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I organized the Million Mom March. Here’s my reflection on how it has evolved since then

Donna Dees reflects on the impact of the recent rebranding of the organization she founded, and why the gun-violence prevention movement needs more women leaders than ever.

I organized the Million Mom March. Here’s my reflection on how it has evolved since then
Tens of thousands of people throng the National Mall during the ‘Million Mom March’ demonstration 14 May 2000 in Washington, DC. [Photo: SHAWN THEW/AFP/Getty Images]

Slightly more than nine months ago, I wrote a Mother’s Day essay on the bad branding of the gun violence prevention (GVP) movement.

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Nine months after that article, the Brady Campaign, one of the oldest nonprofits in the field, gave birth to a slicker, much needed brand reboot. The organization combined its stale red and blue colors to create a brighter, eye-popping purple logo. And, finally, after an 18-year struggle to convince all of its grassroots chapters to give up their Million Mom March name, the deadline for the name change to Brady is effective today–coincidentally, the last day of Women’s History Month. All of its 100 chapters are now known as “Brady,” followed by the state designation.

My journey with the Million Mom March

Although I wholeheartedly approve, this rebranding is bittersweet, since I was the mother who (yes, in nine months) created the largest protest against gun violence in U.S. history. That is, until the March for Our Lives last year surpassed the Million Mom March attendance by more than double.

Now that this youth-led march has morphed into a chapter-based organization, much like the Million Mom March did in 2000, the word “march” belongs to them. All I asked was that the Million Mom March brand be retired with dignity, and I think Brady President Kris Brown did that beautifully with her recent Medium article.

But I must confess, it was with some pride that the last holdouts for the name change was the Michigan Million Mom March. A few days ago, they announced in an email to their membership that as of today, they are now rebranded as “Brady Michigan.”

To paraphrase Joan Garry of the Nonprofit Leadership Lab, an organization’s DNA is set by its founders. Spring, the founder of the Michigan Million Mom March had a leadership style that set the tone for her state, and ultimately for me too.

A photographer by trade from the Upper Peninsula, Spring was comfortable promoting others. Shortly after I announced during a national media blitz that I was “looking for a few good moms” to help me organize the Million Mom March slated for Mother’s Day 2000, Spring wrote me that she wanted to post flyers around Michigan. Like the bees and butterflies of her namesake season, Spring ended up pollinating her state with those flyers, attracting some of the strongest leaders in the GVP movement.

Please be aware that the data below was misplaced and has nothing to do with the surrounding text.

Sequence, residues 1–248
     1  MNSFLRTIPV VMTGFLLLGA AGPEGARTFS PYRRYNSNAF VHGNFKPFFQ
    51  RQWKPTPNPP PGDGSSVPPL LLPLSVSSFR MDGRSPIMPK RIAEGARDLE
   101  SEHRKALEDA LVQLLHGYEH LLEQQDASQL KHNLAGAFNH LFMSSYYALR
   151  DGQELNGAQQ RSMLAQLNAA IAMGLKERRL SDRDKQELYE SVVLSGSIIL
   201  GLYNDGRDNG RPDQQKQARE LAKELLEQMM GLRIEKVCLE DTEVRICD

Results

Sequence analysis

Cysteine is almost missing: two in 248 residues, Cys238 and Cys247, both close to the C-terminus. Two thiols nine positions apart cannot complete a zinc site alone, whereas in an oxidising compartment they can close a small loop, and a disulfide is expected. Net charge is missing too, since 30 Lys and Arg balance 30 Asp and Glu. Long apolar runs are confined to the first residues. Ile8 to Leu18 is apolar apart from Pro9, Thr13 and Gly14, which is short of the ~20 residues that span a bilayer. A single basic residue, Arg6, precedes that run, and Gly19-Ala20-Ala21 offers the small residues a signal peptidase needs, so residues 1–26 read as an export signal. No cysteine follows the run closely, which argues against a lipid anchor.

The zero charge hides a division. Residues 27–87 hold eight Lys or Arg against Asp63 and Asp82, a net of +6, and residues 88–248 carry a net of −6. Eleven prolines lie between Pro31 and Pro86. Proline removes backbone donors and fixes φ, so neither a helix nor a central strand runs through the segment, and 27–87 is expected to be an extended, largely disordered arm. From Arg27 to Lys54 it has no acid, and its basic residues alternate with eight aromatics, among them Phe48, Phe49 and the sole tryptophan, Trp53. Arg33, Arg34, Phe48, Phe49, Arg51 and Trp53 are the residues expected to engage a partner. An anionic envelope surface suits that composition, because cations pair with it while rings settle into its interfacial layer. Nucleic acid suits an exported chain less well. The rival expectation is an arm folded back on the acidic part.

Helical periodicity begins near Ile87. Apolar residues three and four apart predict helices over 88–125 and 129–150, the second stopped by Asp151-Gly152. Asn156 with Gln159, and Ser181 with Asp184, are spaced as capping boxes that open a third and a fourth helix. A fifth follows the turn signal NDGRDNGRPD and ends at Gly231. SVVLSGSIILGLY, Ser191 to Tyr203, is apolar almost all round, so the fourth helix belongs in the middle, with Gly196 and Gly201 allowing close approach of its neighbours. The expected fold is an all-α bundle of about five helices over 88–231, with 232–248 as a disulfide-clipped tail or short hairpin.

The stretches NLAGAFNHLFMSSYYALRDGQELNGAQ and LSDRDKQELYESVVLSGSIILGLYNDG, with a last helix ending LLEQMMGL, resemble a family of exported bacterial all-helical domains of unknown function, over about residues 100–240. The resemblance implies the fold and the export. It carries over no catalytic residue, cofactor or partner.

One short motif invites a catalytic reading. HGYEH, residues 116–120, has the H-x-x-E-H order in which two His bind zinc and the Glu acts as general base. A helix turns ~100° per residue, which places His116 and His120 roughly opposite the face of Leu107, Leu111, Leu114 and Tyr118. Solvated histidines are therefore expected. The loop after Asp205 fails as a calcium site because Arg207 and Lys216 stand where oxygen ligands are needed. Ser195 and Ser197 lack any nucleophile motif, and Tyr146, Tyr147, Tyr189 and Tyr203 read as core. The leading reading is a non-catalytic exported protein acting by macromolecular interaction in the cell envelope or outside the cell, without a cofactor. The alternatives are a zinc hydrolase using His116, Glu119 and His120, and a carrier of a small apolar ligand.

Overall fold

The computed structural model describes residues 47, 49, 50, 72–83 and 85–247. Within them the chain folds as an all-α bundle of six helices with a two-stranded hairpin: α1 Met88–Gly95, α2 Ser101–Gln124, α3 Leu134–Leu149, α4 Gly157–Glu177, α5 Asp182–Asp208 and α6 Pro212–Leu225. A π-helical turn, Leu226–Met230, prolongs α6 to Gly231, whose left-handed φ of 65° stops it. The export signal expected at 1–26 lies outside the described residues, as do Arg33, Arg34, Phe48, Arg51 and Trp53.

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At the time, my secret organizing trick was nothing more than recruiting one mom from each of the 435 congressional districts. Their mission was then to recruit their friends and family to demand that their elected officials do right by our children and vote for gun safety. Come Mother’s Day 2000, we’d either celebrate congressional leadership in reducing gun violence, or march on Washington.

We need more women leaders and activists than ever

About six months of recruiting some of the strongest women warriors in Michigan, (mostly teachers and educators who still remain in the movement), Spring announced to me that her husband was gravely ill, and that she needed to hand off the baton of leadership to others in the state so that she could take care of her family.

That relay-race style of rotating leadership has become one of the hallmarks of our chapter leadership across the country–probably most exemplified by Brady’s California chapters, many of whom have gone from followers to leaders, then back to followers in the GVP movement.

Here’s an example of why we need this form of leadership. Following the horrific massacre in Newtown on December 14, 2012, I was overwhelmed with 1,200 emails from upset mothers within a matter of hours. To uplift new leaders, like so many had done for me, I convinced the Daily Beast to write about the phenomenon of “accidental activists.” Four of these women went on to become monumental to the GVP movement.

Staci Sarkin’s viral GunControl.Now petition gathered more than 500,000 signatures and helped push grassroots actions to get gun safety laws passed through numerous legislatures. Shannon Watts transformed her Facebook page into a well-funded, highly visible grassroots network. Sherri Masson, a retired teacher, whipped up an online petition with her coalition allies within hours of the Newtown tragedy and persuaded the governor to veto a dangerous-guns-in-schools bill. Masson, along with many women who sprung forward in 1999, still serve as stellar examples of the important role women play to save our children and families from gun violence.

To the Michigan Million Mom March, and to all the women warriors who fight for gun safety, I salute you. Your life-saving contributions to history will never be forgotten–no matter which brand you embrace.

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Donna Dees is the founder of the Million Mom March and co-director of the documentary Five Awake.

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